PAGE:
Hi everyone! Aside from Cinemalaya and Cinema One Originals, there are two newbie local festivals that will offer other possible venues for local cinema to be seen. The first one is the Sineng Pambansa: All Masters Edition which is hosted by the Film Development Council of the Philippines. This year, ten outputs from some of the most memorable names in the local filmmaking scene participated to be a part of this (hopefully) annual festival. SM Cinemas served as the venue partner of the FDCP this year, and each movie ticket is only for a hundred pesos. Anyway, I’ll be dividing my coverage into three parts (especially since three films are still in post-production status). Here are the first three films I’ve seen during the festival’s opening day.
Directors: Peque Gallaga and Lore Reyes
cast: Cherie Gil, Chart Motus, Joshua Pineda, Chino Jalandoni
Set in the beautiful and photogenic lands of Negros Occidental, Sonata tells the story of an aging opera diva dealing with an breakdown caused by the slow losing of her voice. When the son of their family caretaker joins and spends his vacation there, an unlikely friendship develop between the two as they both continue their journey to self-discovery.
Sonata is a lovely way to start my Sineng Pambansa experience this year. It is a light-hearted drama that a lot of people can find themselves enjoying because of the film’s simple but heartfelt approach. It somehow reminded me of Ellen Ongkeko-Marfil’s Boses on how two opposites (an adult and a child) managed to help each other in discovering more about themselves and life in particular. However, you can replace the violin with opera here. It is within these heartfelt scenes that the movie find its best footing. With that said, I could have lived without that ending, as it veered away from what worked in the initial parts of the film. If anything though, it was already predictable given the lots of context clues scattered in the film up until that ending. Cherie Gil was marvelous in her take of Margo Channing meets Norma Desmond. The parts where she’s talking about all the previous operas she starred was a hoot. It could have been an easy way out for an actress of her caliber to phone it in, but she refused to take that route, and instead give a satisfying and effective performance. Also, Negros Occidental is so beautiful to look at. Gallaga and Reyes’ collaboration here was satisfying for the most part; it’s not a masterpiece per se, but it gives an effective and poignant take on what it has to offer.
Director: Mel Chionglo
Cast: Allen Dizon, Bangs Garcia, Victor Basa, Adrian Cabido
Going back to 1955, the movie captures pretty barrio lass Lauriana (Bangs Garcia), and how she left an impact to two of the closest men in her life: the soldier who treated her as his “wife”, and the child who used to teach her the English language.
In this film, director Mel Chionglo served too much in the film that resulted to an over of some sorts. First, the story felt disjointed and forced despite being overwhelmed with everything that’s happening in it (and I’m telling you there’s a looooot that’s happening in it). If some movies usually weaken because of abandoning minor plots, this film does the opposite and discussed all possible areas they possibly can. What resulted is a combo of messy plotting and a very uneven pacing. It seems to go back and forth into different perspectives without a smooth connection (well I guess Lauriana’s character) that actually works. This is disappointing since there are some parts in the film that can be focused longer to come up with a more interesting end result. Instead, it just went on and on and on during the last act showing no signs of stopping. Add the fact that the acting here is all over the place with mostly everyone’s acting motto is described in one word : histrionics. I guess the film’s lack of focus is the root of all these problems; otherwise, there would have been a different (and probably better?) product.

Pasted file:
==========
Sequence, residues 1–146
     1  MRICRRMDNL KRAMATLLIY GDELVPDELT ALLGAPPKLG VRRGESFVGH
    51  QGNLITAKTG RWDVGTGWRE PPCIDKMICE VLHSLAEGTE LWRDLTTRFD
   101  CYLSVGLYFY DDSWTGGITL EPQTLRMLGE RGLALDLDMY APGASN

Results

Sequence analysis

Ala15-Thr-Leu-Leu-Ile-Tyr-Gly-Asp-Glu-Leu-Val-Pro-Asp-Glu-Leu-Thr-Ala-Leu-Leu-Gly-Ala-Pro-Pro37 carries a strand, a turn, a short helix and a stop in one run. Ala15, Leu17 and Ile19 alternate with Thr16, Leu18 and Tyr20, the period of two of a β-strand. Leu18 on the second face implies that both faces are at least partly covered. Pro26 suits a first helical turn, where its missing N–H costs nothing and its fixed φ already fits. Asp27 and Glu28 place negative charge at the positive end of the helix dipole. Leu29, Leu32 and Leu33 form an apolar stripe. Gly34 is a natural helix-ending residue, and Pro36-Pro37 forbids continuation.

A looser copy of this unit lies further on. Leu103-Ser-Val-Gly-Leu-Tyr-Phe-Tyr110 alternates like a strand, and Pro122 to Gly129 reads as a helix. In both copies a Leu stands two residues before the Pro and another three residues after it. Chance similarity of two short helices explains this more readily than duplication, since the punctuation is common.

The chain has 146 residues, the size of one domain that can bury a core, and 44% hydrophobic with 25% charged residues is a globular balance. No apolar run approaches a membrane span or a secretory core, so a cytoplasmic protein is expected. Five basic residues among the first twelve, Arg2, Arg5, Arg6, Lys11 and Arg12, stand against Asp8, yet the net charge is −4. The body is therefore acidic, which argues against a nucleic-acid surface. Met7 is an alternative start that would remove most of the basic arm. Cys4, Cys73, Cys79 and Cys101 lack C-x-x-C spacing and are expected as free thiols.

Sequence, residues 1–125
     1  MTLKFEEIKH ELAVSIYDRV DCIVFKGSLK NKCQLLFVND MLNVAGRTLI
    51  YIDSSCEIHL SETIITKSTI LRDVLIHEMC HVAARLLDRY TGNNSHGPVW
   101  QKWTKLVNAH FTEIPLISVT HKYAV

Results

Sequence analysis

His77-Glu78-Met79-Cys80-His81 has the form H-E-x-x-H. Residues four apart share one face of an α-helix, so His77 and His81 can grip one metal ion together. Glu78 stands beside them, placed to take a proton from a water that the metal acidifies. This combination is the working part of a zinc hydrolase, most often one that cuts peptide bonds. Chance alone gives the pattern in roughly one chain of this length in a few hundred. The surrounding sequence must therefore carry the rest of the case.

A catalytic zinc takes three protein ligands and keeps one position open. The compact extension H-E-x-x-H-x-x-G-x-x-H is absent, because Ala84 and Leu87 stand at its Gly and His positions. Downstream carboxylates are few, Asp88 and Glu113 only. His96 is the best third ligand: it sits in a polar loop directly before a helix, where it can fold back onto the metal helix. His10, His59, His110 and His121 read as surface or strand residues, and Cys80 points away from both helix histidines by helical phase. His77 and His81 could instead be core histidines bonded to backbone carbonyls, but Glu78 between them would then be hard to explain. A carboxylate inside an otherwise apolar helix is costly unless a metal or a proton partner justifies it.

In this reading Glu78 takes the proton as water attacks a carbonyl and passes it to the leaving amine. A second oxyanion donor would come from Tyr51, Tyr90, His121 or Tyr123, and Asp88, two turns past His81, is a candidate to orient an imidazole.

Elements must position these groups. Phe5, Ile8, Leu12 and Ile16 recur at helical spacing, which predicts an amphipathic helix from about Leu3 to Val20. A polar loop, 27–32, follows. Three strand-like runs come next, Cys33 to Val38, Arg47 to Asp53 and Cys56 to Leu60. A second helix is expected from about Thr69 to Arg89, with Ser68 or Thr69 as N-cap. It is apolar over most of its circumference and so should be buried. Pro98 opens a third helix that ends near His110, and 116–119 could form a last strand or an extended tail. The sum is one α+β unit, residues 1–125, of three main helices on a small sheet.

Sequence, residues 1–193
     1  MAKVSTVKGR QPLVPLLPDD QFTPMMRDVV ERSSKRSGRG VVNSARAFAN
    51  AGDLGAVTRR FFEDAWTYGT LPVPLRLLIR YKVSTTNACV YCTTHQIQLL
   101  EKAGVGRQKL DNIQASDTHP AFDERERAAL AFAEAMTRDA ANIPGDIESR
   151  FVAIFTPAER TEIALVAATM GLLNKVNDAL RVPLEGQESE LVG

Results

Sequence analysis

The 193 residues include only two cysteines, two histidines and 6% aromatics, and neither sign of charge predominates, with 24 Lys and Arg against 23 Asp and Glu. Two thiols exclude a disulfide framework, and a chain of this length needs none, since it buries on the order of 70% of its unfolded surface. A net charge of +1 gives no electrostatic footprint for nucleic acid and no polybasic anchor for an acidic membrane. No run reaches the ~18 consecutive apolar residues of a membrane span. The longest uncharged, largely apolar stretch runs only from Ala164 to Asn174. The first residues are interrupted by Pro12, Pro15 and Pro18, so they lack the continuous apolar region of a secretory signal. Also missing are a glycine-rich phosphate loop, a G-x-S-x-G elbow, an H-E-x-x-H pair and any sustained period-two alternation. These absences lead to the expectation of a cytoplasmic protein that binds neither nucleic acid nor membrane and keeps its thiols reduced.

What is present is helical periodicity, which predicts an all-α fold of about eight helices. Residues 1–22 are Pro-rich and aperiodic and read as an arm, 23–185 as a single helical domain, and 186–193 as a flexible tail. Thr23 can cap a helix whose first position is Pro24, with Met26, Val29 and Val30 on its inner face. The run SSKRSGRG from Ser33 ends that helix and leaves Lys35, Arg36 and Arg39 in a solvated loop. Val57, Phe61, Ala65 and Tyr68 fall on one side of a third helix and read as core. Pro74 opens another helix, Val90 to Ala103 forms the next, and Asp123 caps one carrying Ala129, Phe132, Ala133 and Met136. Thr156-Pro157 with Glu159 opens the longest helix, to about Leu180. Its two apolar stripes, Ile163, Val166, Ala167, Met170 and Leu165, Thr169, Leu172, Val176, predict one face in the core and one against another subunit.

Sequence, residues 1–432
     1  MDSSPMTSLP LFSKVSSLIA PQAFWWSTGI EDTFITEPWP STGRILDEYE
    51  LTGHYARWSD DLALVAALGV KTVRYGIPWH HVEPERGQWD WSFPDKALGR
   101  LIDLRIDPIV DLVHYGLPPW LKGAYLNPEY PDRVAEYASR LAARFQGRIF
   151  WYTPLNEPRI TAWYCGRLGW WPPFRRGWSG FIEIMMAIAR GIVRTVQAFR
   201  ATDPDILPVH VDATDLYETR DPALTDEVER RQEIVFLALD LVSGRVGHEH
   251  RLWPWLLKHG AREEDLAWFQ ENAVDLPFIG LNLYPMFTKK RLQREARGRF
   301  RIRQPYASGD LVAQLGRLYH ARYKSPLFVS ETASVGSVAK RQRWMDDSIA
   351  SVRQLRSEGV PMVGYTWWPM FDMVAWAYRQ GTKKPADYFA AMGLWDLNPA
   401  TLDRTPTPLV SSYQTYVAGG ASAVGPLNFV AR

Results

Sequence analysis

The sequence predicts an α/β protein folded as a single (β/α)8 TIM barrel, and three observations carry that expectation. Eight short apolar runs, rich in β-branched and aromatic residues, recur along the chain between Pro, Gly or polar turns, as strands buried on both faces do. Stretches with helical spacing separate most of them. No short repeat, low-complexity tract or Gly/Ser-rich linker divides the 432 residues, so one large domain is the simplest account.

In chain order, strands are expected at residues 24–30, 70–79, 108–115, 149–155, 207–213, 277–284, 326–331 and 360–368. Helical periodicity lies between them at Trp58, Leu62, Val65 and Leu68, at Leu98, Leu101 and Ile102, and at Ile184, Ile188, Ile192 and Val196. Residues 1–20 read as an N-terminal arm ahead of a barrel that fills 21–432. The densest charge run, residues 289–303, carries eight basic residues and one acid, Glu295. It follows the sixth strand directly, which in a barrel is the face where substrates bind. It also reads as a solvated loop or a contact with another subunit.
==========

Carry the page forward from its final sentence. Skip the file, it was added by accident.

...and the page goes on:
Director: Joel Lamangan
Cast: Jake Cuenca, Joem Bascon, Lovi Poe, Isabelle Daza
In the midst of the Martial Law years, two NPA rebels find not only sharing ideologies and beliefs, but feelings for each other. The film is told in a flashback approach as the daughter of one of them find more information about her father.
I wasn’t initially sold by the approach that Lamangan used in order to narrate the story, but the end product did not have any problem translating it to the viewers. After seeing a lot of Lamangan’s more recent features (from 2009’s Dukot up to Burgos from earlier this year), I am reminded that he probably fancies this niche too much lately, because I think the whole NPA stuff was just a background piece in this story. The focus of the film actually deviates more than what I expected. What I mean is that the love story between Ador and Cesar could have been set in a ranch and they’d be sheep herders (wink wink) and what you’d get is practically the same story. i saw that the film tried to go deeper than that to address the said concern (by leaving it to the present day scenes), but it just didn’t completely work out. With that said, there were commendable performances especially from the 1970s part with Joem’s Ennis and Jake’s Jack having no inhibitions with each other. And Lovi Poe is always a treat to watch. Issues aside, I think it’s a decent enough effort from Lamangan that you can see.
PS: Is it just me or the middle image of the film’s poster reminds you of the near end part of 2000’s Plata Quemada? Or for a more common reference, the bottom part of the poster of Ang Sayaw ng Dalawang Kaliwang Paa.
Anyway, that’s it. Next batch hopefully by Saturday. I urge all of you to go watch and support the Sineng Pambansa Film Festival. The whole fest will run from September 11-17 in all SM cinemas nationwide for only 100 pesos!
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